Contribution of unfixed transposable element insertions to human regulatory variation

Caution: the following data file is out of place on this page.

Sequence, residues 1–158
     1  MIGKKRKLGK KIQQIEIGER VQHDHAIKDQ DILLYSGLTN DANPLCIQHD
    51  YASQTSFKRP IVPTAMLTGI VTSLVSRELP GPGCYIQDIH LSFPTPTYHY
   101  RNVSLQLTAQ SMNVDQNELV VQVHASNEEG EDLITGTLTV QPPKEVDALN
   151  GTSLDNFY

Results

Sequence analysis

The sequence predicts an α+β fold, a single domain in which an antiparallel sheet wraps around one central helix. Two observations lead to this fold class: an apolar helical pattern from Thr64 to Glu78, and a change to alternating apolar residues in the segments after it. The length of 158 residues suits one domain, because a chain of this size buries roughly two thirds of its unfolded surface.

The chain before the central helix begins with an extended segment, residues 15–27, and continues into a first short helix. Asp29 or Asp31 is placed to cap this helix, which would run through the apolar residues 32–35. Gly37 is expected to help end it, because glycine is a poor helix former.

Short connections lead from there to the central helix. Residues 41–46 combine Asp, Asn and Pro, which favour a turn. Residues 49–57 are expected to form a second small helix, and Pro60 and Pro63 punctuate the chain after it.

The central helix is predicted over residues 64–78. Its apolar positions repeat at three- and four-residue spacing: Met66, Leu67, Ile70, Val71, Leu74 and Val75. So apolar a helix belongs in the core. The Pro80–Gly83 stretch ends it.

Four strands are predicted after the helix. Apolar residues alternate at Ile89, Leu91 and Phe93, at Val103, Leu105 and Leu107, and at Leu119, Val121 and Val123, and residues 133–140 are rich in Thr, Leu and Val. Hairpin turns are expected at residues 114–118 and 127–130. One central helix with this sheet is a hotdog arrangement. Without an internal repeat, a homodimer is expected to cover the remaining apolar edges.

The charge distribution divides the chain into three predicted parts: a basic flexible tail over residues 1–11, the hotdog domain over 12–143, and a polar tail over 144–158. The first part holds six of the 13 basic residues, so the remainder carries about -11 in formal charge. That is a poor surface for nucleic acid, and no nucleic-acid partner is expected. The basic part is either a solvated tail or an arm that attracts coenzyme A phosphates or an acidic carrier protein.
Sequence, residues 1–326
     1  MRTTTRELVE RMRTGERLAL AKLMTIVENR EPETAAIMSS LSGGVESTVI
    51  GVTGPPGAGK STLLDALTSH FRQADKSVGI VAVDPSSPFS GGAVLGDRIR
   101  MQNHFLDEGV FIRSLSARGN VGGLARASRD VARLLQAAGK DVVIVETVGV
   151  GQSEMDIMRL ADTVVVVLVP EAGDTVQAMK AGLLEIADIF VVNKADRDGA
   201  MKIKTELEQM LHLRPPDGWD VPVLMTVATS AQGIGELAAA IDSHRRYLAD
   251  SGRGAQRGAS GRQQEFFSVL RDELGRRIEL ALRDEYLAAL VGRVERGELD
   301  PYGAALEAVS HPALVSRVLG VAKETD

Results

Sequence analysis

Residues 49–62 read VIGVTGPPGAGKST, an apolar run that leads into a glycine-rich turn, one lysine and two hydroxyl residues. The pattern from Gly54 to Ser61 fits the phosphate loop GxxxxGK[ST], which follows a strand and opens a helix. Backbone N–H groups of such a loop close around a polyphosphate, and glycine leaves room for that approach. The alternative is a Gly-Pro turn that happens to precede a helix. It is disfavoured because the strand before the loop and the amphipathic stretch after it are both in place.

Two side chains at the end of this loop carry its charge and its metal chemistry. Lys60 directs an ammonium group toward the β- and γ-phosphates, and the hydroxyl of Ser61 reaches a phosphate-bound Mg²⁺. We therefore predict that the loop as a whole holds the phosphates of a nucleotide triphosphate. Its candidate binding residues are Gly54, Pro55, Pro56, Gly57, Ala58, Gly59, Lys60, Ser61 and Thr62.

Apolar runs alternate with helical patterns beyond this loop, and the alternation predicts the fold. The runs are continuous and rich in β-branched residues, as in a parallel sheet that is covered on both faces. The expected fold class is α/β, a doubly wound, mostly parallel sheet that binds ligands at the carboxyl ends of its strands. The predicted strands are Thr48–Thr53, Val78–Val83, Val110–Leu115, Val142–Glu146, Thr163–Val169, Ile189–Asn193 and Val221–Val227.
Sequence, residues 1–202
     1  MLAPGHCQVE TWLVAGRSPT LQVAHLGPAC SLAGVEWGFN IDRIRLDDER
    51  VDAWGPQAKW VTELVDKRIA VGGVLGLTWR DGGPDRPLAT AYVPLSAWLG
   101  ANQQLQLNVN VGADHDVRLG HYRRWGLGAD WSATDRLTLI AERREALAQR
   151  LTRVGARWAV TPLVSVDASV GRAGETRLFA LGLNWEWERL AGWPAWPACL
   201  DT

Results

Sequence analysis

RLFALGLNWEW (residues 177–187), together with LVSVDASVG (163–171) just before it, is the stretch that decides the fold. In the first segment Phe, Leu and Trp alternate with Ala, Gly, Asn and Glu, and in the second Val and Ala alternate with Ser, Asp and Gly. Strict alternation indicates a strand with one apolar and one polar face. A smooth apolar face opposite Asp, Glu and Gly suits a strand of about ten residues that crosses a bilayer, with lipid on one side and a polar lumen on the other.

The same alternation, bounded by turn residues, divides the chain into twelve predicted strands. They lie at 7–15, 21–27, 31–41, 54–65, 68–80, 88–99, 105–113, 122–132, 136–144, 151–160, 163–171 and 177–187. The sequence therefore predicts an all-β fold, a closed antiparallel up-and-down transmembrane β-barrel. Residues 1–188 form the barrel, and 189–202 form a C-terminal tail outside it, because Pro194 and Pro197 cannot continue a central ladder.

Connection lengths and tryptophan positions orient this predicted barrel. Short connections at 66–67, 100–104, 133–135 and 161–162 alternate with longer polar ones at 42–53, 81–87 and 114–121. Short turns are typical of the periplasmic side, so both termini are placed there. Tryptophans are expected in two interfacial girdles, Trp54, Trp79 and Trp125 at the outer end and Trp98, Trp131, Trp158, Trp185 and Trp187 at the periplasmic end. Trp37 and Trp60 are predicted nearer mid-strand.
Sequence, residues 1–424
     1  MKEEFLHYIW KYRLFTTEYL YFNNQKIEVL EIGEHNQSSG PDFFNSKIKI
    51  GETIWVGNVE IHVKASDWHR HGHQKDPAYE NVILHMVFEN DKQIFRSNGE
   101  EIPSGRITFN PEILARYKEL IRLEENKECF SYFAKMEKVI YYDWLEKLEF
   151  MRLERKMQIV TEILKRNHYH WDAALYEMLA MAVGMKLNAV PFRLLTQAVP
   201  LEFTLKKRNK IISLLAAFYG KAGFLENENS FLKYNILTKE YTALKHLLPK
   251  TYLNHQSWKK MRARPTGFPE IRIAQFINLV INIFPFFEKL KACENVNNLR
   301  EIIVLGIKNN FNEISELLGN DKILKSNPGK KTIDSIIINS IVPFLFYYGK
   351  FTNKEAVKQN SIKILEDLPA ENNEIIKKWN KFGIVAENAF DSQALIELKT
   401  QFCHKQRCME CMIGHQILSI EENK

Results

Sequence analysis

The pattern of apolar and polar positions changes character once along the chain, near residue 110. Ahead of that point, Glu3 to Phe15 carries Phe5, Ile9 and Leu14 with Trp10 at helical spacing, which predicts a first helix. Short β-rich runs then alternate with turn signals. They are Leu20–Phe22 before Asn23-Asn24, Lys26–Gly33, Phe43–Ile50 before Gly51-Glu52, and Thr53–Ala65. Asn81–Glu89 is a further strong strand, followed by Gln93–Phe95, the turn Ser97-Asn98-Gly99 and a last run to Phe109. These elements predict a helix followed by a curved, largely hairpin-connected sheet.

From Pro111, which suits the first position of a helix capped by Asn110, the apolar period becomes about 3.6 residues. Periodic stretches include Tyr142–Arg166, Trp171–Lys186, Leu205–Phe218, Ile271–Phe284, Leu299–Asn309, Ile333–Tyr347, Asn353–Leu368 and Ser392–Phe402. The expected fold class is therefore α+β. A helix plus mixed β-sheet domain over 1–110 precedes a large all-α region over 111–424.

Thousands of unfixed transposable element (TE) insertions segregate in the human population, but little is known about their impact on genome function. Recently, a few studies associated polymorphic TE insertions to mRNA levels of adjacent genes, but the biological significance of these associations, their replicability across cell types, and the mechanisms by which they may regulate genes remain largely unknown. Here we performed a TE-expression QTL analysis of 444 lymphoblastoid cell lines and 294 induced pluripotent stem cells using a newly developed set of genotypes for 2,806 polymorphic TE insertions. We identified 211 and 324 TE-eQTL acting in cis in each respective cell type. Approximately one fourth were shared across cell types with strongly correlated effects. Furthermore, analysis of chromatin accessibility QTL in a subset of the lymphoblastoid cell lines suggests that unfixed TEs often modulate the activity of enhancers and other distal regulatory DNA elements, which tend to lose accessibility when a TE inserts within them. We also document a case of an unfixed TE likely influencing gene expression at the post-transcriptional level. Our study points to broad and diverse cis-regulatory effects of unfixed TEs in the human population and underscores their plausible contribution to phenotypic variation.
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